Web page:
LG, Samsung, SK battery CEOs seek more business opportunities in US

battery cell makers

LG Energy Solution, SK On and Samsung SDI are busy looking for further inroads into the rapidly-growing electric vehicle (EV) battery market in the United States. The heads of the Korea battery cell makers have traveled there on business or are planning to do so in order to seek more opportunities, industry sources said Sunday.

On their business trips to the U.S., the CEOs of LG, Samsung and SK are expected to hold business meetings with high-level officials of the U.S. automakers to explore future business opportunities for their battery cells, the sources said.

The sources added that the CEOs of the three battery cell makers are putting more emphasis on the EV battery market of the U.S. to respond to the Biden administration’s eco-friendly car drive, which aims to make half of all new vehicles sold in 2030 electric.

Kwon Young-soo, CEO and vice chairman of LG Energy Solution, is known to have plans to visit the U.S. this month. This visit will be Kwon’s first business trip to the U.S. since he took the position in November 2021.

The CEO of Korea’s largest battery cell maker is expected to inspect the company’s battery-manufacturing plants there and meet with Mary Barra, CEO of U.S. auto giant GM.

LG Energy Solution has solidified its relationship with GM, establishing joint venture and battery cell manufacturing cell factories in North America to supply batteries to GM’s car brands, such as Chevrolet and Cadillac.

Currently, the company operates its battery plant in Michigan and is building three new plants with GM in the U.S. states of Ohio, Tennessee and Michigan. In March, the company also announced the building of two new battery factories in North America including one in Ontario, Canada, which will be jointly built with multinational automaker Stellantis, and a cylindrical battery cell-manufacturing plant, which will be built in the U.S. state of Arizona.

Regarding Kwon’s business in the U.S., an LG Energy Solution spokesman declined to answer, saying, “We cannot confirm the schedule of the CEO’s visit to the U.S.”

SK Group said that Chey Jae-won, the senior vice chairman of SK Group and the co-CEO of SK Group’s battery-cell subsidiary, SK On, traveled to the U.S. in April and visited the headquarters of hydrogen company Monolith in Nebraska.

Monolith is known to use renewable electricity to convert natural gas to hydrogen and carbon black, a key raw material in the automotive and industrial sectors. The company is the first U.S. firm to produce emission-free hydrogen. Although SK Inc., the holding company of SK Group, didn’t reveal the investment amount, the company said in 2021 that it acquired a stake in the U.S. company.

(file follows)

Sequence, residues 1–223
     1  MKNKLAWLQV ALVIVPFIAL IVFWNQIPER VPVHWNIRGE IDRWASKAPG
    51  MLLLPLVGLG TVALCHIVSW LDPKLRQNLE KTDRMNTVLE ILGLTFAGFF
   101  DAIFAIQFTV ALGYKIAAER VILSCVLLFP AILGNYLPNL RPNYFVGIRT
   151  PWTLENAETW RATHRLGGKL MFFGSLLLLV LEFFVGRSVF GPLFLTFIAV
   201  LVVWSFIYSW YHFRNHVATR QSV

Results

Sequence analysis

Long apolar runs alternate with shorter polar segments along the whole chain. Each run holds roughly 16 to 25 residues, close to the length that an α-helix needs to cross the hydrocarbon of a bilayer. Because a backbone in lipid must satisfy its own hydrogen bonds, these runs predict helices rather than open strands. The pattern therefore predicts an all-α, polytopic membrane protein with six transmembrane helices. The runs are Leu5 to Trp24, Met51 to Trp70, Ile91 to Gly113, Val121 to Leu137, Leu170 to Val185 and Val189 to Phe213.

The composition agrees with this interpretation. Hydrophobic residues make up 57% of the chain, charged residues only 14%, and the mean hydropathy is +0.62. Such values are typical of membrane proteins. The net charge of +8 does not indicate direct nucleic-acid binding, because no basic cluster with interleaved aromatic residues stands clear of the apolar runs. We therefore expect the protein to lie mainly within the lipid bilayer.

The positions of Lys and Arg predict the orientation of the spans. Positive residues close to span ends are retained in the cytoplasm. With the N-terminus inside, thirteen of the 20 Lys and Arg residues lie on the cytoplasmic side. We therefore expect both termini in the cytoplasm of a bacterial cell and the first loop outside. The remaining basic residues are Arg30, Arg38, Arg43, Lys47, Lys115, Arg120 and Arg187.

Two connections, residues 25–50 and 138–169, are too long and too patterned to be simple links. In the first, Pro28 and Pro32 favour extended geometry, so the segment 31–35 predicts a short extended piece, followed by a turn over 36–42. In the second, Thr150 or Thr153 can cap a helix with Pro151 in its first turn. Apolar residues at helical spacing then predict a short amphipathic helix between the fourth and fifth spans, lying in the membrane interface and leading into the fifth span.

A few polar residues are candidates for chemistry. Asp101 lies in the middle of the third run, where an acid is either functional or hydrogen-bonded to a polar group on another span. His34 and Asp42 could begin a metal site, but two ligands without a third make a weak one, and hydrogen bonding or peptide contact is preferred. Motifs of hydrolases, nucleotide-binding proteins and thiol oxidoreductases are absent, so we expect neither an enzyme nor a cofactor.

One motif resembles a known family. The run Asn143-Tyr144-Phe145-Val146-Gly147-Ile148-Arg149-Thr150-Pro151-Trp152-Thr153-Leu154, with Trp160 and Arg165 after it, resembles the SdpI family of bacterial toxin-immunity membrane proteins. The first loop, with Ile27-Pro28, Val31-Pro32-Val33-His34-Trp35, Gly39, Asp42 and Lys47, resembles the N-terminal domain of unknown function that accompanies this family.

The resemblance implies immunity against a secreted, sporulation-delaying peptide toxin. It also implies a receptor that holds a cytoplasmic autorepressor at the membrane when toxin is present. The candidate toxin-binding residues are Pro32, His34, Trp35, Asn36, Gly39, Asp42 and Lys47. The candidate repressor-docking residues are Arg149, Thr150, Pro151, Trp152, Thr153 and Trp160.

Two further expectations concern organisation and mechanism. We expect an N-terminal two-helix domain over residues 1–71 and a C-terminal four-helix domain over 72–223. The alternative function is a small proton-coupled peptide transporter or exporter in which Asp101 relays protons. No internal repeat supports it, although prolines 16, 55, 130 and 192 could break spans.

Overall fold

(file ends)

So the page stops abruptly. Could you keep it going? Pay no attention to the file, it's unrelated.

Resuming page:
“We can confirm that the senior vice chairman visited Monolith last month. The U.S. firm has production technologies of green hydrogen and solid carbon,” a spokesman of SK Inc. said.

“Solid carbon can also be used as anode material, an essential material for battery cell production, and Monolith has been conducting research on its applicability,” he added.

The industry view is that Choi Yoon-ho, CEO of Samsung SDI, may also travel to the U.S. on business in the near future given that the company will jointly build a battery cell-manufacturing plant in North America with Stellantis.

In October 2021, Samsung SDI announced a joint venture deal with Stellantis, and their plant will have an annual production capacity of 23 gigawatt-hours starting in the first half of 2025. Samsung SDI has not yet announced any detailed plans for the plant, including its location.

Regarding Choi’s U.S. trip, a Samsung SDI spokesman said, “It’s hard for us to know the schedule of our CEO.”

An official from a local battery industry said that Korean companies are focusing on the U.S. battery market because taking the lead there will enable them to take the initiative in the global market, adding that the battery market in the U.S. is expected to see around 70 percent growth in 2022 year-on-year.

“North America is a crucial production base in the global battery industry, given that the current U.S. administration is pushing forward with increasing the number of electric cars. This is why the CEOs of each battery cell company plan to visit the U.S.,” the official said, asking for anonymity.


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